It seems certain that the cars of the near future will no longer be powered by combustion engines. But while e-mobility continues its triumphant march, progress in the field of autonomous driving is stagnating. While companies like Tesla are working with IT experts to develop sophisticated artificial intelligences that already drive far more safely than any human could, computer-controlled driving is still exceedingly rare on the road. Now, the U.S. Transportation Security Administration has urged that autonomous driving requires more than just safe AI. It also requires a complete rethink of vehicle features, it says.
Autonomous driving only without steering wheel and pedal?
While autonomous driving in this country is found at most in exotic pilot projects, it is part of the everyday picture in road traffic in the USA, at least in large cities. So it’s hardly surprising that the U.S. National Highway Traffic Safety Administration has often found reason to complain in the past and forced automakers to revise their technology. Now, however, the agency is not addressing the vehicles themselves as part of its latest pronouncements on the subject of autonomous driving. Instead, it is admonishing the need to completely overhaul vehicle interiors as part of licensing requirements.
To clarify the changes, let’s first make clear what registration requirements a vehicle must currently meet. In order to be registered, a driver’s seat is required, as well as accelerator and brake pedals and a steering wheel, of course. But at least the latter two controls are simply no longer needed when the car is driving autonomously. Consequently, they would have to be removed from the requirements for future self-driving cars. This has exciting consequences for the design of future cars and could revolutionize the vehicle.
Rethinking the car
If children want to imitate their parents driving a car, they reach for a plate or other circular object to mimic a steering wheel. But this taken-for-granted image, common around the world, could soon change. This is true at least if one agrees with the U.S. National Highway Traffic Safety Administration (NHTSA) and its comments on current vehicle registration regulations. The focus here is on dispensing with unnecessary controls. But why should you do without steering wheel, pedals and the like? One main reason is certainly the cost savings involved. According to the transport authority, car manufacturers could save an average of around 1,000 US dollars in the production of a vehicle. This would probably not only be reflected in a lower purchase price for the customer. On top of that, foregoing materials would probably also be more environmentally friendly, since raw materials would be saved.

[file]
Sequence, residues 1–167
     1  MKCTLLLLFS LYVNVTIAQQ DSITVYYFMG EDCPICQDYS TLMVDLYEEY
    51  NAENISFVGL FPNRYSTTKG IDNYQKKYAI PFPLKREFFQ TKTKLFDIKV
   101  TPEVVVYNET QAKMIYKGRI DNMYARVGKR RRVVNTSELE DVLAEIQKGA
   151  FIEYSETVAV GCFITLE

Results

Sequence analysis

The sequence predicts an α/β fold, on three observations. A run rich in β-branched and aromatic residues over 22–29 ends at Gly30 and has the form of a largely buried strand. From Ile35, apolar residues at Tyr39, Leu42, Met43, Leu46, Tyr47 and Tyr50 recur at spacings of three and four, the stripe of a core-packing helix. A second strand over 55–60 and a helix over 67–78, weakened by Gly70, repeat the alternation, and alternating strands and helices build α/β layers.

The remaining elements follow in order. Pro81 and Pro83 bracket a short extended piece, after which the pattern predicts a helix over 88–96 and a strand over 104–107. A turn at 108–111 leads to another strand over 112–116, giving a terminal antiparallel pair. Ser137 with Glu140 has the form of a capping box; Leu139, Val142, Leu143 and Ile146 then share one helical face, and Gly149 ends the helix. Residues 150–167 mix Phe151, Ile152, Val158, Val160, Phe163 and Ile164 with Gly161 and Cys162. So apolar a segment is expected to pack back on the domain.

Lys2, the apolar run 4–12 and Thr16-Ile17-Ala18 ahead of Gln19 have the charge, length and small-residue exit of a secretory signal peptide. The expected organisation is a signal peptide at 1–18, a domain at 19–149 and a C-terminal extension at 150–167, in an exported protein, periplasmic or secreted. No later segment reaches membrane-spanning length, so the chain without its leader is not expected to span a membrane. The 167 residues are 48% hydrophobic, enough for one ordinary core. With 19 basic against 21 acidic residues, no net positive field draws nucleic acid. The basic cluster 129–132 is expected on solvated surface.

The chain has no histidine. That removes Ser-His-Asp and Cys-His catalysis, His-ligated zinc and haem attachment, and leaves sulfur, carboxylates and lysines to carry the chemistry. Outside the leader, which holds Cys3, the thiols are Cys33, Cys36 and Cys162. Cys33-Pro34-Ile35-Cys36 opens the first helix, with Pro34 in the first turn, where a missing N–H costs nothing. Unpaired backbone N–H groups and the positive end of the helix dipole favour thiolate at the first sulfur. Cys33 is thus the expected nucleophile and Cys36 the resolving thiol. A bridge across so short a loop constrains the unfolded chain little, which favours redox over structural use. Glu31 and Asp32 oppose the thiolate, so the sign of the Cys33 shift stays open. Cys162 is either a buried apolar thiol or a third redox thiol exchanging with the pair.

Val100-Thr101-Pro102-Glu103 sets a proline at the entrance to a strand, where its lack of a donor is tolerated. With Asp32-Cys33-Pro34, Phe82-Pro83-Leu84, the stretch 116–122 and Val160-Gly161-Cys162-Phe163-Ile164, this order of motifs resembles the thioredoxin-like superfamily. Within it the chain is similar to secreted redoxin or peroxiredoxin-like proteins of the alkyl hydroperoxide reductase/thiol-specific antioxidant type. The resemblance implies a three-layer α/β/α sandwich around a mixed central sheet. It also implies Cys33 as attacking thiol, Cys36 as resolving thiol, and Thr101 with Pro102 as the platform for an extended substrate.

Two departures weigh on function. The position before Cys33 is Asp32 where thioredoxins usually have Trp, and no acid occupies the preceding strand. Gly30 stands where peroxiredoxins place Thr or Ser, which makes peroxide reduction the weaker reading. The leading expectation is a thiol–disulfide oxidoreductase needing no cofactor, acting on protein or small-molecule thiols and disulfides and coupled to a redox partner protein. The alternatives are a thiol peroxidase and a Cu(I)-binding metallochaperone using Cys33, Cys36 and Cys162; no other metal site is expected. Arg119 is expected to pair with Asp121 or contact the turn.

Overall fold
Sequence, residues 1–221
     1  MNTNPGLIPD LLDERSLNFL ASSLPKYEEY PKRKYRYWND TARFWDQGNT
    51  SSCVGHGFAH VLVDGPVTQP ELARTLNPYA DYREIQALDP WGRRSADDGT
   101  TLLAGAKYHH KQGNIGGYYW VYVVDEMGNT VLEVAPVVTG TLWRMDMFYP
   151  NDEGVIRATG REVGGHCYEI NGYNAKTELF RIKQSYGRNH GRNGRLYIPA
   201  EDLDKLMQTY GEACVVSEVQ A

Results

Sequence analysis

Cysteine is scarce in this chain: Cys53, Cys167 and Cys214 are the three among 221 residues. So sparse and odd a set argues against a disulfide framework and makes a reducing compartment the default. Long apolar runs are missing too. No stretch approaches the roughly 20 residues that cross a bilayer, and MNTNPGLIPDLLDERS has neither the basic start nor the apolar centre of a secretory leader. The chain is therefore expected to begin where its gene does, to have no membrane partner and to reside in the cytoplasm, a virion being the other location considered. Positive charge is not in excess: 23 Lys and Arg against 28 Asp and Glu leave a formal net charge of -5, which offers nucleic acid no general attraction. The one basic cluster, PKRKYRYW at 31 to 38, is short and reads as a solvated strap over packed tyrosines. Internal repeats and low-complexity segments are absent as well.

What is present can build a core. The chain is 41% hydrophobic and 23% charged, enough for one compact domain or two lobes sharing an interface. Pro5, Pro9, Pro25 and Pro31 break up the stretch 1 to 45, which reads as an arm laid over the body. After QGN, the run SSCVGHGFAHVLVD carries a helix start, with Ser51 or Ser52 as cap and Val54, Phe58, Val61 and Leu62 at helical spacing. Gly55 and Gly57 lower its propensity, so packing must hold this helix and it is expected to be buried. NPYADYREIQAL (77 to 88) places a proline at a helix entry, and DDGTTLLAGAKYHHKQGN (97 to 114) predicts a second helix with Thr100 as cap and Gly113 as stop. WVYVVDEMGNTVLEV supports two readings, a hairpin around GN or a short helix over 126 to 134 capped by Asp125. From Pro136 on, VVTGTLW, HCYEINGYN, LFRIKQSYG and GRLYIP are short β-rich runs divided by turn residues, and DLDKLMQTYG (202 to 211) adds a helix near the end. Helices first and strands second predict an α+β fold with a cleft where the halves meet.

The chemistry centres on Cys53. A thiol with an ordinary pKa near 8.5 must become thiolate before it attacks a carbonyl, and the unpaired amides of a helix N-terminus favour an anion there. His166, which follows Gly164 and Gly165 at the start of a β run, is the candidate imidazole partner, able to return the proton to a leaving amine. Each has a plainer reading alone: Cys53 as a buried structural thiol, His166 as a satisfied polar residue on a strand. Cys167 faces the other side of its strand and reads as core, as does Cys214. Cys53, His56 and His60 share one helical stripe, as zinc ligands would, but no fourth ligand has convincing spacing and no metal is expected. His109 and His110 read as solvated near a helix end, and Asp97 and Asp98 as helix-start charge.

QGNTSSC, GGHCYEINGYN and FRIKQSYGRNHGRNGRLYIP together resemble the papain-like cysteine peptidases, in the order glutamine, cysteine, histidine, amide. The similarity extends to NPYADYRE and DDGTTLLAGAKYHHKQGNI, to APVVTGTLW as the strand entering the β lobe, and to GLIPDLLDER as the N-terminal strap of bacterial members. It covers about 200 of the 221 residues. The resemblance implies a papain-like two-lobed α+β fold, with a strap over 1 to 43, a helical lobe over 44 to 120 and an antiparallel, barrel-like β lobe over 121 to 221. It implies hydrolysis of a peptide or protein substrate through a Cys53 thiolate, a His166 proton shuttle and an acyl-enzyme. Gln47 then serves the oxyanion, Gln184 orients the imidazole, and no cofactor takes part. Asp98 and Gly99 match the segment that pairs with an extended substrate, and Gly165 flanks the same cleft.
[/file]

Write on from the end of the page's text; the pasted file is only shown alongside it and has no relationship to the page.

General standard still a long way off
Even if it appears that we will soon only see self-driving cars on our roads with changes to the licensing requirements, this is by no means the case. NHTSA is clearly aware that it will be many years before AI replaces humans in controlling cars. Nevertheless, the traffic safety authority wanted to set the course now so that car manufacturers do not maneuver their developments into a dead end. Indeed, one can increasingly observe prototypes that rely on a kind of hybrid solution. In them, the car’s steering wheel can be conveniently retracted and extended again. If the steering wheel is not a registration requirement, the human control unit can be dispensed with altogether.
The savings potential becomes clear here. But it’s not just the steering wheel that could easily be eliminated in future cars. The arrangement of the seats can also be rethought. Why shouldn’t the passengers in a self-driving car simply sit facing each other? After all, a driver’s seat facing forward is no longer needed anyway in the absence of a steering option. Despite the various design options, the U.S. Transportation Safety Administration makes it clear that the protection of the vehicle’s passengers is still the top priority. In this regard, self-driving vehicles should in no way perform worse than conventional human-controlled ones.
Thrilling concepts are already circulating
If there’s one thing automakers like, it’s releasing concept cars. Through them, you can get a glimpse of the maybe-future. While they are often only intended to have a positive impact on the company’s image, their practical purpose should not be underestimated either. By moving away from the conventional seat layout in our cars, it would be a milestone in automotive history. The advantages of such a vehicle interior are obvious.
The often stressful commute to work or on vacation is transformed into a relaxing ride where you can simply sit back and be chauffeured, just like on a train. By eliminating unnecessary controls, vehicle interiors could be made much more homey and packed with entertainment. Thanks to the comment from the Transport Safety Authority, manufacturers now already know the direction in which their developments should go. We’re excited to see what’s in store!